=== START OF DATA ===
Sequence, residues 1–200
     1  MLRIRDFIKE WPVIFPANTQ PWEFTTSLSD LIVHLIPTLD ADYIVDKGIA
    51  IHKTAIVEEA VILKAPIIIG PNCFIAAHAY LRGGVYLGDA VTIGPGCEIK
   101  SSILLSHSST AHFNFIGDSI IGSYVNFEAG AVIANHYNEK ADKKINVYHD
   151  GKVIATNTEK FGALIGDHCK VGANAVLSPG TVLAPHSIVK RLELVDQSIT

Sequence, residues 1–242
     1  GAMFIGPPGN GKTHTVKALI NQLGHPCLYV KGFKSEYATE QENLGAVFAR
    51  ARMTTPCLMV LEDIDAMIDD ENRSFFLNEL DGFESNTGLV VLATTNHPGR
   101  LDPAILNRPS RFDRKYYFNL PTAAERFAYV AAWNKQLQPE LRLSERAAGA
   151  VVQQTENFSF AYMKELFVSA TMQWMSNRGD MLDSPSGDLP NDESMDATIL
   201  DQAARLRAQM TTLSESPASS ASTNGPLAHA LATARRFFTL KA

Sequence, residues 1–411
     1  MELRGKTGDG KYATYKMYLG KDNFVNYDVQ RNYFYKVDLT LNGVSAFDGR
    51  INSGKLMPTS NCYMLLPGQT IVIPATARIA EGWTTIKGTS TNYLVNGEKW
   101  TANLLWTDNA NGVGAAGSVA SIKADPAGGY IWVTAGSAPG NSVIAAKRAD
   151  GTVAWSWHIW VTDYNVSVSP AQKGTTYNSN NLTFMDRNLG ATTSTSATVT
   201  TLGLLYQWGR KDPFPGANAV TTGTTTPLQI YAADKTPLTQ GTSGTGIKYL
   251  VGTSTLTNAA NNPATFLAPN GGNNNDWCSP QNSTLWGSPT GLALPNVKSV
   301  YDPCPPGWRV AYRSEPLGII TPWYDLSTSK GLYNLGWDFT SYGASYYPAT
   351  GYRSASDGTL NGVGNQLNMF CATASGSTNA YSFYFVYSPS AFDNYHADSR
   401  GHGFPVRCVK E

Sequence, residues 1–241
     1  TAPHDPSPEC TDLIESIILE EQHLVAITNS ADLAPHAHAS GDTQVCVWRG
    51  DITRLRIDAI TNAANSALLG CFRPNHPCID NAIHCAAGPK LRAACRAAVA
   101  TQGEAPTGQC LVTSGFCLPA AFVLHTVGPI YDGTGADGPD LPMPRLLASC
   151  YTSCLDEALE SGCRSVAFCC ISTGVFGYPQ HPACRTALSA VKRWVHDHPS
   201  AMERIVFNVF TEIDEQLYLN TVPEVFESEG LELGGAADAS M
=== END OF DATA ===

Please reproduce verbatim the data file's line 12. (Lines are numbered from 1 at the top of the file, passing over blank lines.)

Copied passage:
Sequence, residues 1–411